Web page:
water value estimates

The Marginal Economic Value of Streamflow From National Forests

Year: 
2004
Abstract: 

Changes in forest overstory lead to changes in runoff. This report estimates what such changes in runoff are worth to society using two sources of information: economicvaluation studies and, most importantly, water market transactions. Evidence from over2,000 transactions that occurred in the western U.S. over the past 14 years (1990 through 003) was examined to learn who is selling to whom and for what purpose, how muchwater is involved, and how much it is selling for. Roughly half of the transactions were sales of water rights; the rest were water leases. The transactions show that the price ofwater is highly variable both within and between western states, reflecting the localized nature of the factors that affect water prices. Ideally, if water market prices or valuationstudies are to be used to help determine the marginal value of water from specific areas, such as national forests, information from local markets or local studies should be used.Lacking site-specific value information, only rough estimates are possible.

Author(s): 

Thomas C. Brown

Contact: 

Thomas C. BrownRocky Mountain Research StationU.S. Forest ServiceFort Collins, Colorado

Notes: 
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Economic values of freshwater in the United States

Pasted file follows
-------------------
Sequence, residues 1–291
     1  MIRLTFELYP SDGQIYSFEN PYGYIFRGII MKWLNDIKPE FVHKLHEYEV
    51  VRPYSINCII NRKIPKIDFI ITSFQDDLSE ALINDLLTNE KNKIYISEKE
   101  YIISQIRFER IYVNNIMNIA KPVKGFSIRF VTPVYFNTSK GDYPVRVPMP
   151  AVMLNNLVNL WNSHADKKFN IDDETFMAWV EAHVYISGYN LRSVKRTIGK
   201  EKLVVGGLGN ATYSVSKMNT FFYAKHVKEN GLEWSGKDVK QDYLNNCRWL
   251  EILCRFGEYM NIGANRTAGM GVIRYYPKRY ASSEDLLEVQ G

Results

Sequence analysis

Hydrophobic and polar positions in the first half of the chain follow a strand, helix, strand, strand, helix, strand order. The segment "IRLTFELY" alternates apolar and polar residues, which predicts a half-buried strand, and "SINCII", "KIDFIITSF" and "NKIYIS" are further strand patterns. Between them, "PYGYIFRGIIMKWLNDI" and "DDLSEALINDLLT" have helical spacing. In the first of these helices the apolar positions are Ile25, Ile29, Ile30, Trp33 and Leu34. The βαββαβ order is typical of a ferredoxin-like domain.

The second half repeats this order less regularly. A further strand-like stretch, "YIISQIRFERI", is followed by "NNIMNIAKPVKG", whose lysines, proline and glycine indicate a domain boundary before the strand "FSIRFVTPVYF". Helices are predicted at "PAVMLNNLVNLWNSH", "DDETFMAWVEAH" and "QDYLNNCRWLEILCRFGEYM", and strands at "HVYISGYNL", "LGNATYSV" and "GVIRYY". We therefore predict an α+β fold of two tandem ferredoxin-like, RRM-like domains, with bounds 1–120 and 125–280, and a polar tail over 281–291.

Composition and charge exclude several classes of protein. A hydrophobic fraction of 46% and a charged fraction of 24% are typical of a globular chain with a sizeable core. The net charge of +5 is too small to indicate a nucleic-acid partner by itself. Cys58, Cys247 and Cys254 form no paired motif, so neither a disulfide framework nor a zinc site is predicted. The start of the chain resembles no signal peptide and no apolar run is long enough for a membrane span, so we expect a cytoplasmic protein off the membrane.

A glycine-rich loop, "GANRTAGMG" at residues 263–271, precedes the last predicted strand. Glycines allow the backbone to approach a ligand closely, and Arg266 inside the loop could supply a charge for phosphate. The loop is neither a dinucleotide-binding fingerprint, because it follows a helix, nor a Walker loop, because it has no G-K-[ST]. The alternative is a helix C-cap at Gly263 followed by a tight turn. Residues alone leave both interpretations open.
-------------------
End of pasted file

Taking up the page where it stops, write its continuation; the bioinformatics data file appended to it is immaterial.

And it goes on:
Volume: 
Final Report, October 1995
Year: 
1995
Abstract: 

This report presents nearly 500 water value estimates for four withdrawal uses (domestic, irrigation, industrial processing, and thermoelectric power generation) and four instream uses (hydropower, recreation/fish and wildlife habitat, navigation, and waste disposal). The first section discusses important caveats for interpreting the data and the relevance of water values for achieving efficient use of the resource. Tables and graphs are used to summarize and help interpret the water-value data that have been converted to constant 1994 dollars. Section 3 presents the data by geographic region to illustrate how the values within a region vary among uses. Section 4 presents the data for individual water uses to illustrate how the values for specific uses vary within each of the 18water resources regions that comprise the conterminous United States. Information such as the location, year, and methodology used to derive each of the values are presented in the appendices along with each of the water value estimates. The data are organized by water resources region in Appendix B and by type of use in Appendix C.

Author(s): 

Frederick, K., VandenBerg, T., Hanson, J.

Contact: 

Resources for the Future, 1616 P street, NW,, Washington, DC

Notes: 
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